Kanzan & Jittoku



Kanzan & Jittoku
Scroll, ink on paper
Sengai Gibon (1750-1837)
Edo period, 18th-19th century
H. 67 ½ in (171.5cm) – W. 18.9 in (48cm)


A broom in his hand but not cleaning
Doing nothing but reading sutra
Neither insane nor stupid
Just to attain the great wisdom of Buddha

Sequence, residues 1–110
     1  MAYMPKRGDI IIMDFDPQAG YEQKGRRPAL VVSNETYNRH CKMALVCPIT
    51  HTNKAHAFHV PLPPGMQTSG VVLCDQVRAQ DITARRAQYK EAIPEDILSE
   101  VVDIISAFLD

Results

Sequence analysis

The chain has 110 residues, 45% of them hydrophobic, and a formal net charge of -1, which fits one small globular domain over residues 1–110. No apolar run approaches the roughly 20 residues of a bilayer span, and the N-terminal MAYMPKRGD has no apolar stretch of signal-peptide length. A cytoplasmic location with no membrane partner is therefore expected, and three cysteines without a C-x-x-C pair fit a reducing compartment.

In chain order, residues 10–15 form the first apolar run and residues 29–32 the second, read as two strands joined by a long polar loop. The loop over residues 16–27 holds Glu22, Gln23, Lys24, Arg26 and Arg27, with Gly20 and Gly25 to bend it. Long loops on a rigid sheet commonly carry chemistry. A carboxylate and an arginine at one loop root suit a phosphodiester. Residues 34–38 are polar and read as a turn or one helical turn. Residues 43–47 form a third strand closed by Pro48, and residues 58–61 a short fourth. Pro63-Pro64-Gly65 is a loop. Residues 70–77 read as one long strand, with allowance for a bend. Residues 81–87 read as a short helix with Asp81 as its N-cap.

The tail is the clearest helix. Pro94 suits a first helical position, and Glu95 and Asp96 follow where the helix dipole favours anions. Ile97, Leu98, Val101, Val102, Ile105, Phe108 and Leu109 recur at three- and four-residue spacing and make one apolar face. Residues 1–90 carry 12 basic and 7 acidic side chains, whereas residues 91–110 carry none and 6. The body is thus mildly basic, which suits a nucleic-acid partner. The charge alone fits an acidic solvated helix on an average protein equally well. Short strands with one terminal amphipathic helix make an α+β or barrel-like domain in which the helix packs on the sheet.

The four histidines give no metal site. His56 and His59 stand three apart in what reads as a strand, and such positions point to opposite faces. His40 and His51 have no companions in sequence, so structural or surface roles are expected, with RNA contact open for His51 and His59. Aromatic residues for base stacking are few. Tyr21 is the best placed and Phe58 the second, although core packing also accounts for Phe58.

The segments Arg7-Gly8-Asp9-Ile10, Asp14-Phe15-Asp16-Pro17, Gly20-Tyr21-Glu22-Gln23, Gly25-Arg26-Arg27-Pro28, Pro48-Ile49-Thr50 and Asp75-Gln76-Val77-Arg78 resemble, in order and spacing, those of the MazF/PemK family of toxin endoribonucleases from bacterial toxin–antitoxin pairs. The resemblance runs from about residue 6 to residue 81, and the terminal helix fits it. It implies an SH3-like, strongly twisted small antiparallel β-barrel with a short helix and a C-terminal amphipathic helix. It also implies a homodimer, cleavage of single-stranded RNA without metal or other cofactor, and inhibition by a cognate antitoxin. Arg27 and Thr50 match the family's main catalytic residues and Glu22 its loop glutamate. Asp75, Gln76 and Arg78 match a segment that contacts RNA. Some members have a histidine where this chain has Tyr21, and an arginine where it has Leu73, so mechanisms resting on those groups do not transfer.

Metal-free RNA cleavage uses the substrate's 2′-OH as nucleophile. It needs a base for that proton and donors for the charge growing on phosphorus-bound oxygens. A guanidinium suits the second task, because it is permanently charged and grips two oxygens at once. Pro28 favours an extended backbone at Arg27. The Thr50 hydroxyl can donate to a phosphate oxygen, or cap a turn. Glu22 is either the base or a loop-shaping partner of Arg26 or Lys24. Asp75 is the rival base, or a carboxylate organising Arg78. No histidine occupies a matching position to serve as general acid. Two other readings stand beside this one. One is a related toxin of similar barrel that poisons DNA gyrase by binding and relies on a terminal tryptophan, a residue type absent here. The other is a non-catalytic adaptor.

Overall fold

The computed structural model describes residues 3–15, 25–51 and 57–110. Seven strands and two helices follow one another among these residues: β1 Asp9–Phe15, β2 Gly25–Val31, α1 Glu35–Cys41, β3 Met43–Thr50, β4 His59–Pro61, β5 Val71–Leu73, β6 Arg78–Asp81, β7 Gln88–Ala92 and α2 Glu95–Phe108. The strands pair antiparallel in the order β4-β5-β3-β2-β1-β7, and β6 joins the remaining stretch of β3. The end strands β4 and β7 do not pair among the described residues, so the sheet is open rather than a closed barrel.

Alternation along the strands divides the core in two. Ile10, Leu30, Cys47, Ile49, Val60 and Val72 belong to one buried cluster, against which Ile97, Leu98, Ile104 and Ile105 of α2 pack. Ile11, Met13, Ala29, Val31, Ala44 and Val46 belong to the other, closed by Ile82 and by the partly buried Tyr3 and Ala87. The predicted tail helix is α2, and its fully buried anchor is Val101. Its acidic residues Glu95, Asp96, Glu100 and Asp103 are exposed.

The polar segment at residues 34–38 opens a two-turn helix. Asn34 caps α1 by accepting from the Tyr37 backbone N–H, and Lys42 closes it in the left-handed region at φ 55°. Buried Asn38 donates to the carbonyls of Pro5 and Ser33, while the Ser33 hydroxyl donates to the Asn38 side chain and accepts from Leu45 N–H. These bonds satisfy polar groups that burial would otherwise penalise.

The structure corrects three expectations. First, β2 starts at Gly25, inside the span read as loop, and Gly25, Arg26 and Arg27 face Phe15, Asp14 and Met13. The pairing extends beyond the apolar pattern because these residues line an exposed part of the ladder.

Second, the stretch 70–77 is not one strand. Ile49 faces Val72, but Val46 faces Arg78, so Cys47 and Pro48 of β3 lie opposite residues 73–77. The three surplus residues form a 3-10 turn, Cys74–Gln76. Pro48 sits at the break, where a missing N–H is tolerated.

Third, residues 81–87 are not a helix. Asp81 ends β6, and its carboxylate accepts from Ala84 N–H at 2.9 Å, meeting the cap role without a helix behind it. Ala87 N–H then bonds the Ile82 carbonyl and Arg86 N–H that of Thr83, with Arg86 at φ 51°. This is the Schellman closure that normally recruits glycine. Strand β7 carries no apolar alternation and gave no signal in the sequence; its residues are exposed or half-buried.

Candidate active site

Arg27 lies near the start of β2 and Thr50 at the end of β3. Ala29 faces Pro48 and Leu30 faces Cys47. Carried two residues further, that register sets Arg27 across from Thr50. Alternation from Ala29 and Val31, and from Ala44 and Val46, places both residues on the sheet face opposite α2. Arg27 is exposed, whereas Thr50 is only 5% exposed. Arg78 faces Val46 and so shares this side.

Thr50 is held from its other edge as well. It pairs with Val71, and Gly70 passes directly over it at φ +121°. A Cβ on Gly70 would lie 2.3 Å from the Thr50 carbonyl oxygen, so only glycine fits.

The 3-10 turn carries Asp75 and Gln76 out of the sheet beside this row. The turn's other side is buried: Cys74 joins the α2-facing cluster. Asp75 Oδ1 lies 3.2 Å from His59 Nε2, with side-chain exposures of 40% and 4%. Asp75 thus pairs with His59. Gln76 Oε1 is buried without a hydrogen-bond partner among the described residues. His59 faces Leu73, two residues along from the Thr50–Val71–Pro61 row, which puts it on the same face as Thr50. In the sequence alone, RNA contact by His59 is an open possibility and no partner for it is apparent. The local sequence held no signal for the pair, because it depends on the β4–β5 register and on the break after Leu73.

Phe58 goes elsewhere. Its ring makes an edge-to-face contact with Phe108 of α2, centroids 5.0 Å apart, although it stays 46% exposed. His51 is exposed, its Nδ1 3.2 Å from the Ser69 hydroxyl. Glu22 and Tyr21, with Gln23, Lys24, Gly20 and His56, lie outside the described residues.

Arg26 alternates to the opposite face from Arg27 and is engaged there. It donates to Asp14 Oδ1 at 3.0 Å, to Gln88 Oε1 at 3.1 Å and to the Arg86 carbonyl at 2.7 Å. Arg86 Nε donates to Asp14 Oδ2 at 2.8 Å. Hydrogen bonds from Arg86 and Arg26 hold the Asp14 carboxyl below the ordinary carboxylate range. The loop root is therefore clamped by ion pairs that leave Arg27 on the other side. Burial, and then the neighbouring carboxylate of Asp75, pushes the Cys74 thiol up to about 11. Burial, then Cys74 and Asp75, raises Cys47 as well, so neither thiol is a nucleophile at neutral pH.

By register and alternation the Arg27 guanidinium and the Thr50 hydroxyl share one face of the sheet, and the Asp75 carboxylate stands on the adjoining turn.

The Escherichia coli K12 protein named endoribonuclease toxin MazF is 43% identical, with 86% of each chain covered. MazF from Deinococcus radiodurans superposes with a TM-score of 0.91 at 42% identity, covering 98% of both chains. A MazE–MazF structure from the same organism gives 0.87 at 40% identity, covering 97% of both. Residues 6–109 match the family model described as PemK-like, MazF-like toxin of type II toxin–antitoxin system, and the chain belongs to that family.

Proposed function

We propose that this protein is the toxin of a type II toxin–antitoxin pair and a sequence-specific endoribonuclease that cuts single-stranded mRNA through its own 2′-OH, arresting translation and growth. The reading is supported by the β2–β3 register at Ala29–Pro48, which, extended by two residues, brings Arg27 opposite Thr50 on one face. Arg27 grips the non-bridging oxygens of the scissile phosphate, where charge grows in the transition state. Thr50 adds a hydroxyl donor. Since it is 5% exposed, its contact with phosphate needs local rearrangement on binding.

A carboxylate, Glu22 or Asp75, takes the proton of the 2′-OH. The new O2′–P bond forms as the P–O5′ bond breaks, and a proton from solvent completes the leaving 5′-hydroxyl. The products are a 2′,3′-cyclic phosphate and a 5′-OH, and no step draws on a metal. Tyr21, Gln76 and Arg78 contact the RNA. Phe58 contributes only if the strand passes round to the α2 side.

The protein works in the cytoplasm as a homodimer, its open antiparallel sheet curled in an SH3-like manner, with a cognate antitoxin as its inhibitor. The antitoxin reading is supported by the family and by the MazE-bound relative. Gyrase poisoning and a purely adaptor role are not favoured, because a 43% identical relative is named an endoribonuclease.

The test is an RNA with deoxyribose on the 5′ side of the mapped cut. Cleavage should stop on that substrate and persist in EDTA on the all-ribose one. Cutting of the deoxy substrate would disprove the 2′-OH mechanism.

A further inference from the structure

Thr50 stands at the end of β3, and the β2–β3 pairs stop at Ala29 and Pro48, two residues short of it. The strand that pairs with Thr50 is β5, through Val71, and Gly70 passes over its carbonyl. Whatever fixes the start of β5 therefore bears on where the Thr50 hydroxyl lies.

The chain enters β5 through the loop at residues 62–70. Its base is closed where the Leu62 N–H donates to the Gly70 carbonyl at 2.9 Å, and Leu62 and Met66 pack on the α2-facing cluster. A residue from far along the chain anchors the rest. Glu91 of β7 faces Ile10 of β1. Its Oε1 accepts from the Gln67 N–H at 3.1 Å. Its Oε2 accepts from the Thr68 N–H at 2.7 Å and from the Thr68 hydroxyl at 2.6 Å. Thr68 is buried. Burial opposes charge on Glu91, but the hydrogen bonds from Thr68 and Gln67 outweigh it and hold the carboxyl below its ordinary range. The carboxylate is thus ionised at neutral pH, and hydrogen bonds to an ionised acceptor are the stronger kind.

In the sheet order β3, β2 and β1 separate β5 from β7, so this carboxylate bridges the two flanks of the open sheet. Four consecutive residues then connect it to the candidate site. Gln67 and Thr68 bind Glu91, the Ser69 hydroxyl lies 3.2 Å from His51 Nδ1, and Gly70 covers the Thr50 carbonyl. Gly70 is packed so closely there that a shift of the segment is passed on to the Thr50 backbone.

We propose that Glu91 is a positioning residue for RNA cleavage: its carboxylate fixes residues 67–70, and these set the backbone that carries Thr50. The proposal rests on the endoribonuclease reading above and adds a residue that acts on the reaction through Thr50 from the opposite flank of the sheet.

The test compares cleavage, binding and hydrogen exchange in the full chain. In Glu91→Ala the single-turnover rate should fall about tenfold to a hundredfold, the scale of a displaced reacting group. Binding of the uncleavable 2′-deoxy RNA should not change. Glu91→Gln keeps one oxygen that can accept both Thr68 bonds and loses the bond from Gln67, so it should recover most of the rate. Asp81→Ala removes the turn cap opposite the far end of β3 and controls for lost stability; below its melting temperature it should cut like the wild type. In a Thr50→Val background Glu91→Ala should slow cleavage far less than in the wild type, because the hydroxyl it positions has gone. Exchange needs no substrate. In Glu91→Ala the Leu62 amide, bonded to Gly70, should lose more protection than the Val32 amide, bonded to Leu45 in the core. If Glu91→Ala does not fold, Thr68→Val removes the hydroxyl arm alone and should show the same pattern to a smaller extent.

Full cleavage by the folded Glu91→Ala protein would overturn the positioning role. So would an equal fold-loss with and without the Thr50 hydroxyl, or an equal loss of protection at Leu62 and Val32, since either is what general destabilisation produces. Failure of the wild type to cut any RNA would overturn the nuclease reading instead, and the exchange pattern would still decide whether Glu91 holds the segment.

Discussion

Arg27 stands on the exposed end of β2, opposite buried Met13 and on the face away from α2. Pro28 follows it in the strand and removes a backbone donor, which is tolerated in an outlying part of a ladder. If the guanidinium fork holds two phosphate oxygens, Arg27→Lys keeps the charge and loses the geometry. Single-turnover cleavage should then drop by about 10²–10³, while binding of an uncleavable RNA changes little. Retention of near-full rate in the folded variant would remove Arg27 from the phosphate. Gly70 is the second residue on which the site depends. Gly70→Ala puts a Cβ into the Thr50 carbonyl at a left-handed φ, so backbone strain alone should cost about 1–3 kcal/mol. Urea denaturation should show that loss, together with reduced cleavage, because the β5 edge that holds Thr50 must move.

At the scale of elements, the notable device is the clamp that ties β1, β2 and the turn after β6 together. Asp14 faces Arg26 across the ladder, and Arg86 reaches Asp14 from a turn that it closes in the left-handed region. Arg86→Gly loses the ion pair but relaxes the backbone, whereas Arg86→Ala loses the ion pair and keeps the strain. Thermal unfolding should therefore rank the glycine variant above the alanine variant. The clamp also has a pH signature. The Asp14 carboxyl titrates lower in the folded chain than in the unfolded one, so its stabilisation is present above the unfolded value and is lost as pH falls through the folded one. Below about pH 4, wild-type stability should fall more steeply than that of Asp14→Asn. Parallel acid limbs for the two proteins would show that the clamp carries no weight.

Kanzan and Jittoku were semi-legendary eccentric hermits and Zen priests in the Tang dynasty, China, and known as great Zen masters. Kanzan was a farmer who never worked but just read and learned sutra all day. He was disliked by the villagers and his wife because of that, and later ran away to a mountainside temple. He wrote many poems and books, and for that reason has been depicted in the arts and on paintings with a brush or a roll in his hand. And it was said that Jittoku devoted himself to sweeping and cleaning, so he has been depicted with a broom in his hand. People are apt to think that concentrating on chanting a sutra, writing poems and sweeping are senseless and worthless activities compared to the practice of asceticism. However, being absorbed completely in something is worthy of admiration in the Zen circle and these two hermits were subsequently considered incarnations of Samantabhadra and Mañjuśrī (Jp. Manju). Sengai seemed to be fond of drawing Kanzan and Jittoku and left a large number of works which depict them.